“Particle Fever”: They blinded us with science

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“Particle Fever” is now streaming on Netflix. Not rated, 1:39, three and a half stars out of four.

I used to think “Real Genius” was just a silly broad comedy from the 1980s. Then I saw “Particle Fever.”

The immensely entertaining documentary is ostensibly about the Large Hadron Collider and the search for the so-called “God Particle,” which is plenty of material for a movie on its own since it concerns, you know, life, the universe and everything.

But director Mark Levinson smartly has the heady scientific principles delivered by some funny and fascinating super-geniuses, each with their own reasons for delving into the mysteries of the universe. To feel the suspense as the researchers fire up the collider for its first test is riveting enough. But it’s hearing one of the researchers, an enthusiastic young woman who seems to be in constant motion both physically as well as mentally, enthuse “We destroyed that shit!” afterwards that makes “Particle Fever” something special.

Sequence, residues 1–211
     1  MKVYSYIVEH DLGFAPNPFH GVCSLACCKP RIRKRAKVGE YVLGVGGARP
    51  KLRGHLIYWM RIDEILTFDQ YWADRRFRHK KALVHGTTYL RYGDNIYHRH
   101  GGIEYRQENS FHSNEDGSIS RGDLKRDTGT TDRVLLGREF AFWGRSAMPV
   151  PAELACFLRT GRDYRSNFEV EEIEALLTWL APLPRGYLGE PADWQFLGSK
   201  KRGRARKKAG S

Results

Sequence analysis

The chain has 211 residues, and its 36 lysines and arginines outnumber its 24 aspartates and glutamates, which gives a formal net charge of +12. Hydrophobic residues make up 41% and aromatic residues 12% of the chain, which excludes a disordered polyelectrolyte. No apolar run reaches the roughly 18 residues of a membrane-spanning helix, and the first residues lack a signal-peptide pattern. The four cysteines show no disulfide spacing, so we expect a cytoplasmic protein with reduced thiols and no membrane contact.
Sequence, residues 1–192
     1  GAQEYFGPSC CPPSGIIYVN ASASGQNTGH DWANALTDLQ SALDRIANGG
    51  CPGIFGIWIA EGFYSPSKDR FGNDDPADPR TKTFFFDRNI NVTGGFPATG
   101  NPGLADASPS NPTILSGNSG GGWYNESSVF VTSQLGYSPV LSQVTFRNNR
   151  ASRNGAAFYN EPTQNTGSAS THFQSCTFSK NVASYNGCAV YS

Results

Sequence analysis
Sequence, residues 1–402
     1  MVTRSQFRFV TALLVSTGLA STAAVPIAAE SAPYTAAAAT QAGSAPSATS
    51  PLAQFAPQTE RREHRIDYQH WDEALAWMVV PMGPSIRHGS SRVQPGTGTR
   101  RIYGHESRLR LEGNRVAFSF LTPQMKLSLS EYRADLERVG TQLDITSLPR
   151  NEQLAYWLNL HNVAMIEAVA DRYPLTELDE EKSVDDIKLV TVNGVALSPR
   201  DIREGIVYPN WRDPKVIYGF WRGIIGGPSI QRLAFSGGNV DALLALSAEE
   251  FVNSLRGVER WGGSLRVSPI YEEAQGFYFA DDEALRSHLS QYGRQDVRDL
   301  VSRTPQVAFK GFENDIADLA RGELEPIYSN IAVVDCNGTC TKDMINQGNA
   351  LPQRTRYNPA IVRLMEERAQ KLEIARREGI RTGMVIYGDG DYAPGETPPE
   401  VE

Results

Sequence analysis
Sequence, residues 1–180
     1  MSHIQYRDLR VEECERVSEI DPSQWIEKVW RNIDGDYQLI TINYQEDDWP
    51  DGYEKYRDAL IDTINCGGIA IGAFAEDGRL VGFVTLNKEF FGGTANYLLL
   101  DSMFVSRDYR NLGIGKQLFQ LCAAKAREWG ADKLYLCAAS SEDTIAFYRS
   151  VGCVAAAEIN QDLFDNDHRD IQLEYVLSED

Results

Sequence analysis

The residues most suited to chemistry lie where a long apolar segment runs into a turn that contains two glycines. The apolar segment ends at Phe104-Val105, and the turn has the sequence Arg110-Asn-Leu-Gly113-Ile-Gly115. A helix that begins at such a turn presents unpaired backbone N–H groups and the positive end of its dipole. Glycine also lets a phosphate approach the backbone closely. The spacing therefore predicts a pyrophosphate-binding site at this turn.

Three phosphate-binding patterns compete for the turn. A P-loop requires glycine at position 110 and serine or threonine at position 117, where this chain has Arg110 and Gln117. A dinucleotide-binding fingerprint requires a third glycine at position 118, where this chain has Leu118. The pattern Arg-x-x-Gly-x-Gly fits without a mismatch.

The collider is aptly named, a 19-mile circular tunnel in Switzerland built for hurling particles at each other at high rates of speed, in the hopes that new particles can be discovered. In particular, they’re hunting for the Higgs particle, nicknamed the “God Particle” because of the theory that it’s the central pivot point around which all the other ones are built.

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Using colorful graphics that look inspired by fusion-jazz album covers, “Fever” does a good job laying down the basics of the science and the competing theories. One, the “multiverse,” posits that there are an infinite number of universes, most of which don’t work because the variables aren’t quite right, and we just happen to be in the working one. The other claims that there is a grand design stretching out into infinity that we just can’t wrap our brains around yet. It’s “random” vs. “order.”

Much like Errol Morris’ documentary version of Stephen Hawking’s “A Brief History of Time,” “Particle Fever” is just as interested in the thinkers as the thoughts. The characters aren’t hyper-nerds – fine, aren’t JUST hyper-nerds – but really intriguing characters.

Most of all, “Particle Fever” is a celebration of uncertainty and discovery in an age when too many people across the board cling to their beliefs like life rafts. The experiments bring forth an explosion of new data that rocks some theories, obliterates others and suggests new ones. And the theorists don’t just accept this – heck, they’re giddy about being proven wrong.

As one puts it, “All my models have been pretty much proved invalid. That’s really cool.”

 

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